China's Media Control - Cut the Bonds of Ignorance
Frank Ching (Commentator based in Hong Kong)
Once again, mainland China is in the news for tightening its control over the foreign media. Xinhua announced last week that, effective immediately, reports from all foreign news agencies would be censored before being released on the mainland - including financial news.
Since Beijing already controls the distribution of general news in the country, it is unclear to what extent this makes the situation worse than before.
On one level, the move might represent an attempt by Xinhua to improve its own competitive position vis-a-vis foreign news agencies such as Reuters and Bloomberg.
Tian Congming, Xinhua's president, said this year that Xinhua was determined to improve its competitive edge in the financial-information market. "There is a big gap compared with Reuters, and the gap with Bloomberg is also not insignificant", Mr Tian said.
If Xinhua is going to regulate its competitors, it will be in a position to take advantage of its position to increase its own market share.
It is peculiar, and objectionable, for Beijing to appoint a player as a regulator. What is even worse is that Beijing is trying to tighten its control of information even further.
This move to control foreign news agencies is part of a recent pattern. Only days later, Xinhua announced that the country's judges were barred from talking to the press. In May, lawyers were forbidden to talk to the press.
It is notable that Beijing, which often insists on reciprocity, does not even pretend that the control it is seeking over foreign news agencies is practised anywhere else in the world. But then, it's quite good at interpreting reciprocity as meaning "you follow my rules and I'll follow yours" - especially when the foreign country has no similar restrictions.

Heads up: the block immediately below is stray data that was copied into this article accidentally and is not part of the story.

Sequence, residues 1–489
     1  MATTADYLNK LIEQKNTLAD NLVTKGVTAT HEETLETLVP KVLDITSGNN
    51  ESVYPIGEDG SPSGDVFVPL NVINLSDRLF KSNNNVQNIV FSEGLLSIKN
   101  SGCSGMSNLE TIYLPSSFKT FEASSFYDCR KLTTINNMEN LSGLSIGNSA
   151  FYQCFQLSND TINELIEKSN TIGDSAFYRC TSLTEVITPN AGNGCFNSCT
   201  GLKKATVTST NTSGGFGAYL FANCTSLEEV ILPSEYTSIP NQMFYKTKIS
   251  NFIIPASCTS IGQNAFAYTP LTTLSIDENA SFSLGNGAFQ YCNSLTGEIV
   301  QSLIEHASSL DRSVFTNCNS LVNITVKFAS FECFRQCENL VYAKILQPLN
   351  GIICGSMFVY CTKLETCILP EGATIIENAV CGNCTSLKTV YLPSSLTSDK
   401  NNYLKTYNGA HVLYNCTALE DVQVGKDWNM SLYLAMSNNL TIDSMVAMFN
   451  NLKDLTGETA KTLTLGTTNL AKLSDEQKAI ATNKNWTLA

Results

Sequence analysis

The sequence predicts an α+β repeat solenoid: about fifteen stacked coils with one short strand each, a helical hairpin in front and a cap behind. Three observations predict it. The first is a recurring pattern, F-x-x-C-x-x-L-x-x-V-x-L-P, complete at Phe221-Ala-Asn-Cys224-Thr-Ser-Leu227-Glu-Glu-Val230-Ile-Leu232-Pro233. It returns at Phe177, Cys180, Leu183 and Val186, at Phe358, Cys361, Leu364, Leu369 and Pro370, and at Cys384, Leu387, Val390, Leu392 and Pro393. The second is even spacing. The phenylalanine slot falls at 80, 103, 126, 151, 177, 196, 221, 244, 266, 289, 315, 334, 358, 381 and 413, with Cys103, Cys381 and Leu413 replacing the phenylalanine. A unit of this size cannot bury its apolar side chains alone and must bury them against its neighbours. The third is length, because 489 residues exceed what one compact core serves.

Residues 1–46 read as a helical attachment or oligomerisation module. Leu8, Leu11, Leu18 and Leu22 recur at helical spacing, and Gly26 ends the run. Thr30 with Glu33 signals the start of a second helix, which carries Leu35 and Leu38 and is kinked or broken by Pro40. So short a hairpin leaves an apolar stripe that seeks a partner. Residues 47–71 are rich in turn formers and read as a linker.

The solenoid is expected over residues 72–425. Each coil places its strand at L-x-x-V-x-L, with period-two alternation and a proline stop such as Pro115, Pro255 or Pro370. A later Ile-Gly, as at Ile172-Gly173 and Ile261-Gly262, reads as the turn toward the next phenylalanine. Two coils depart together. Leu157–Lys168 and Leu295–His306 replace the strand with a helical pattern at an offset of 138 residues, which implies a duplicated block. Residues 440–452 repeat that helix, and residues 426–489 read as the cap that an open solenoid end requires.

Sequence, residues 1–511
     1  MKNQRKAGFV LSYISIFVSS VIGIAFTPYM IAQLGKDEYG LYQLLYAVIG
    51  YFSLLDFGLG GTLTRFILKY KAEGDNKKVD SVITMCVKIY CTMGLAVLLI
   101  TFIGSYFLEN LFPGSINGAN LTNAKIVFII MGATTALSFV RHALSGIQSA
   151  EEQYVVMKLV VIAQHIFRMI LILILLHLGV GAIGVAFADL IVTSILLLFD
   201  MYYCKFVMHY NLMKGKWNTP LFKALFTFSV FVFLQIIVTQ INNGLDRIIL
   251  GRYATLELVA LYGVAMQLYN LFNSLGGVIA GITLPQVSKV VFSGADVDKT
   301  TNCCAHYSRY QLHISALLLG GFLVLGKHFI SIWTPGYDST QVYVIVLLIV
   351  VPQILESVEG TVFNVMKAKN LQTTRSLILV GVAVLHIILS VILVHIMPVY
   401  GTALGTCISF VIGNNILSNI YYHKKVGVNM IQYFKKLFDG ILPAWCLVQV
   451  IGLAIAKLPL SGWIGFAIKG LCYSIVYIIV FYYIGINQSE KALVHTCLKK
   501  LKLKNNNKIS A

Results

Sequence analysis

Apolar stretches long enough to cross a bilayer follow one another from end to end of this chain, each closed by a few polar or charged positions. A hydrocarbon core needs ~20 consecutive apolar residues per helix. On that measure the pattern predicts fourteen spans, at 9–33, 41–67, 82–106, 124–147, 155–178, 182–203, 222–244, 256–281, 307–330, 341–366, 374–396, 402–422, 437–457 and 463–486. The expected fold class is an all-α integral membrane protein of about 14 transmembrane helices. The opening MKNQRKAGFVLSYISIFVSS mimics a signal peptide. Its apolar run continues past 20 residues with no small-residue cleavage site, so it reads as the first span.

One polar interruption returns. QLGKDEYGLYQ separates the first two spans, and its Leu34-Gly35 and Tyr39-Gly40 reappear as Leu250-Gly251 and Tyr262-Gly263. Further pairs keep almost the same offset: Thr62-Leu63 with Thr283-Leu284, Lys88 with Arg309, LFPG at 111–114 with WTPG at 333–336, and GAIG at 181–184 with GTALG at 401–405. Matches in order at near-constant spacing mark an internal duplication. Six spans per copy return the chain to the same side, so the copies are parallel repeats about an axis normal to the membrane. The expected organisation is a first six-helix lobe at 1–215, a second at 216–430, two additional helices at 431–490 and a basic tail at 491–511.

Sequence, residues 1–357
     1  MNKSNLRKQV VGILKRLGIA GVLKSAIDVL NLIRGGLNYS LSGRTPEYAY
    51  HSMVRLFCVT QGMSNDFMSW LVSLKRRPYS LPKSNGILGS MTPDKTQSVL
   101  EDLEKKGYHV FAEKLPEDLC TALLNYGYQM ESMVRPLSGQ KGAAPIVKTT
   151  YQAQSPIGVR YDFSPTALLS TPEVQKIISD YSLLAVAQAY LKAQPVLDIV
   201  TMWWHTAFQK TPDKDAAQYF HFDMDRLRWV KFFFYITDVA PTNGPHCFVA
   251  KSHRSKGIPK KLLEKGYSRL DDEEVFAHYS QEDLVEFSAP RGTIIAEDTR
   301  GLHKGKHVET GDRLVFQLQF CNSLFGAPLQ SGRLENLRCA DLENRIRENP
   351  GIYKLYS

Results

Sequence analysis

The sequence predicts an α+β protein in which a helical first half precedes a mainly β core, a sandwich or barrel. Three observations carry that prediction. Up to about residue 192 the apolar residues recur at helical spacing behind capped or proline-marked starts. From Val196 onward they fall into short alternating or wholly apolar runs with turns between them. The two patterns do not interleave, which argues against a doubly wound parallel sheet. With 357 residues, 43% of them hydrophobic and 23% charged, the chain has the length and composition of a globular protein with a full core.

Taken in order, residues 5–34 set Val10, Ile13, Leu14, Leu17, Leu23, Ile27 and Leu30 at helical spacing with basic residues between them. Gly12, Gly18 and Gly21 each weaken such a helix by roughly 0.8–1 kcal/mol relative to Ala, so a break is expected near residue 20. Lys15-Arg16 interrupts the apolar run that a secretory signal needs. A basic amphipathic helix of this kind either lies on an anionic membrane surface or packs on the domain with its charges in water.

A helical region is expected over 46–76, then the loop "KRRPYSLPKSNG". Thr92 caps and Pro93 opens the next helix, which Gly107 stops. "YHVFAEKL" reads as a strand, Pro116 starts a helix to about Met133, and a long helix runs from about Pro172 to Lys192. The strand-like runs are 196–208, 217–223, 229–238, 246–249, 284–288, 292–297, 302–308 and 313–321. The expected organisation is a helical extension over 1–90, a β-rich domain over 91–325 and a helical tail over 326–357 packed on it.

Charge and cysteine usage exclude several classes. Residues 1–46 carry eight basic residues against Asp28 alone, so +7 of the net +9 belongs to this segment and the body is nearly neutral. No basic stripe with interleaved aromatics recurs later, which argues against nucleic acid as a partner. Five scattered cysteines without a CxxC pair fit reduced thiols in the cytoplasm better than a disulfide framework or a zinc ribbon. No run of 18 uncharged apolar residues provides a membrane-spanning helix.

What is Beijing trying to prevent foreign news agencies from disseminating in the country? According to Article 11 of the new regulations, "news and information released in China ... shall not contain [anything] that serves to...violate the basic principles enshrined in the constitution of the People's Republic of China"; or "undermine China's national unity, sovereignty and territorial integrity"; or "endanger China's national security, reputation and interests".
It is unclear how a news report could possibly do any of these things. How could information violate the constitution?
Conceivably, an act could be construed as contrary to the constitution, but how could a report about such an act also be a violation?
Similarly, foreign governments conceivably could take actions that might endanger China's national security, but how could a report of such an event be construed as a threat to national security?
In fact, the suppression of such information may be a greater security threat.
Besides, if national security were threatened, wouldn't Chinese banks, brokerage houses and media companies need to know? Such news is certain to move markets, and Chinese players would be disadvantaged if they were deprived of this vital information.
If China wants a knowledge-based economy, it will need a well-informed populace. This cannot emerge as long as the government continues to control access to information.
Since even rumours can move markets, economic players need to be aware of inaccurate, misleading or fraudulent reports.
In the west, there is a concept of the people's right to know. In China, for thousands of years, the government practised a policy of deliberately keeping the people in ignorance through control of information, to make it easier to govern.
But times have changed. In what the Communist Party likes to call "New China", surely such outmoded concepts should be discarded?
Surely, China's "liberation" in 1949 should mean that the people have been freed from the bonds of ignorance?
If not, it would appear that there is a need for a second liberation.
(Originally appeared in the September 20, 2006 issue of South China Morning Post in Hong Kong, reproduced here with permission.)